Balancing professional and personal responsibilities is a persistent challenge for women in the workplace. Societal expectations often place a disproportionate burden on women to manage both career and family life.

According to the TUC, 1.46 million women are kept out of the labour market because of their caring responsibilities and are 7 times more likely to leave their work for caring responsibilities than men.

Companies can support work-life balance by implementing flexible work arrangements, parental leave policies, and fostering a culture that values employees' well-being. Recognising the importance of work-life balance benefits not only women but contributes to a more productive and satisfied workforce.

Representation in Leadership

A lack of representation in leadership roles is a significant barrier for women. According to the same McKinsey Women in the Workplace report, women represent roughly 1 in 4 C-suite leaders, and women of colour just 1 in 16.

Companies should actively promote gender diversity at all levels of the organisation, ensuring that women have equal opportunities to take on leadership roles. Encouraging mentorship programs, leadership training, and creating inclusive environments can help pave the way for more women to ascend to leadership positions.


Recognising that gender intersects with other identities is crucial in addressing workplace challenges. Women of colour, LGBTQ+ women, and women with disabilities often face compounded biases and discrimination. An inclusive approach that considers intersectionality in organisational policies, practices, and initiatives is essential for creating an equitable workplace for all women.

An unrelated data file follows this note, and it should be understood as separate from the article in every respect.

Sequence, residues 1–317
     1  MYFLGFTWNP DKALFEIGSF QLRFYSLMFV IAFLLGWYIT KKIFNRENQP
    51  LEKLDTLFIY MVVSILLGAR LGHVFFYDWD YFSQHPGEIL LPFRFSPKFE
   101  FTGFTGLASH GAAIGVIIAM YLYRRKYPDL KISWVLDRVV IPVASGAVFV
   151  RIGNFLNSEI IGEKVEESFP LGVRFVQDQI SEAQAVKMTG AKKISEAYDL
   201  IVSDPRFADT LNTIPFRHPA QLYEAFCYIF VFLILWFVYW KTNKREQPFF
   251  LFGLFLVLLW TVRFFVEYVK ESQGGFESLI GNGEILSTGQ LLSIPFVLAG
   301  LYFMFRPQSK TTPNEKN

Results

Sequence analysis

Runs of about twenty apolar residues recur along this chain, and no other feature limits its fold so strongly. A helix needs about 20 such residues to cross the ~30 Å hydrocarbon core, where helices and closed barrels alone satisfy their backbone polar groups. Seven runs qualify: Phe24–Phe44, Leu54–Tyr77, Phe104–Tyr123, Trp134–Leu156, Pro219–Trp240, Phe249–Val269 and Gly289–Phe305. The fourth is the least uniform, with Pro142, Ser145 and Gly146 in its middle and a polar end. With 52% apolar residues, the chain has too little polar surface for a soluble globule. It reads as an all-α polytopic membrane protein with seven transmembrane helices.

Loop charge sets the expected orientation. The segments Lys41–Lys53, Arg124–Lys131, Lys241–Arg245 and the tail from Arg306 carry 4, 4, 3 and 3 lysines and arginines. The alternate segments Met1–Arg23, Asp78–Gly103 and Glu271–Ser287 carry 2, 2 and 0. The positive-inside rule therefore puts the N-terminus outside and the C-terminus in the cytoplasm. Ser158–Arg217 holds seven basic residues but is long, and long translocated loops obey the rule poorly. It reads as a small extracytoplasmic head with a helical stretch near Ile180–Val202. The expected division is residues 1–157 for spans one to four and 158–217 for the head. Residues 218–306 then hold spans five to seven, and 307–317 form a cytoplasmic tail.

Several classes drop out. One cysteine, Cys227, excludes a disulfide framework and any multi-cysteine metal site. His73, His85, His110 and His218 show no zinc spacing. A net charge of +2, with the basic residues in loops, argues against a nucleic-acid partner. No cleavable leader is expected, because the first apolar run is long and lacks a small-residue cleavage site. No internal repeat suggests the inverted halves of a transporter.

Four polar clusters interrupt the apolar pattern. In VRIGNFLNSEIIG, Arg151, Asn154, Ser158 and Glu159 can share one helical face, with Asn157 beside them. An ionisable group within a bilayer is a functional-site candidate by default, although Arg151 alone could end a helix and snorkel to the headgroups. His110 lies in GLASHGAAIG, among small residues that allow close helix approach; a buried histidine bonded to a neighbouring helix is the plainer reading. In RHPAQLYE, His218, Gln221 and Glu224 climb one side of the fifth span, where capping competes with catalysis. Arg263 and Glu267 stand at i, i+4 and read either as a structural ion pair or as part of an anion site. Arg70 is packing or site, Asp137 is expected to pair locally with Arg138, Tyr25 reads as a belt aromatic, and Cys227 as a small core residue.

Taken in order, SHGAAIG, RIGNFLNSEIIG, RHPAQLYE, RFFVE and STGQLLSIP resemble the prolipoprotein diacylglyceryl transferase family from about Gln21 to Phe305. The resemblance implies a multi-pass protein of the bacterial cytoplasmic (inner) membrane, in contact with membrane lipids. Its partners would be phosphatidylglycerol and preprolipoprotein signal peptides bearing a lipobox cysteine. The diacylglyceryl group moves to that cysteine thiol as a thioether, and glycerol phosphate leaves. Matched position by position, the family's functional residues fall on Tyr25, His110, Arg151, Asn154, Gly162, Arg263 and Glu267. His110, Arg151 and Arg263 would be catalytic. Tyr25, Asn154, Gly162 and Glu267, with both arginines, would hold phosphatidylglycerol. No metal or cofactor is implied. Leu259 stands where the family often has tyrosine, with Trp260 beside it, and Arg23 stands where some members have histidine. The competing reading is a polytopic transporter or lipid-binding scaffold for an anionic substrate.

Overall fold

How to Adapt Hiring Practices

Diversity and Inclusion Training

Incorporate diversity and inclusion training into the onboarding process for all employees. This helps create awareness of biases and fosters an inclusive culture.

Anonymous Recruitment

Implement blind recruitment practices, where identifying information is removed from resumes during the initial stages of hiring. This minimises the impact of unconscious biases in the selection process.

Flexible Work Policies

Offer flexible work arrangements to accommodate diverse needs, recognising that one size does not fit all. This can attract a more diverse talent pool and contribute to a more inclusive workplace.

Inclusive Leadership Development Programs

Develop leadership programs that specifically target and support the advancement of women. Provide mentorship opportunities and sponsorship programs to help women navigate the path to leadership positions.

How can Reed Screening help?

Addressing the professional challenges faced by women in the workplace requires a multifaceted approach. Organisations must commit to dismantling systemic barriers, promoting diversity and inclusion, and adapting hiring practices to create an equitable and supportive environment for women to thrive in their careers.

Whatever the make-up of your team, when hiring it’s important to ensure that risk is minimised through thorough screening. With over 60 years of experience in recruitment, and over 9 years of experience as screening specialists, Reed Screening is ideally placed to advise your business on the best way to ensure that new hires are a boost to your company’s performance.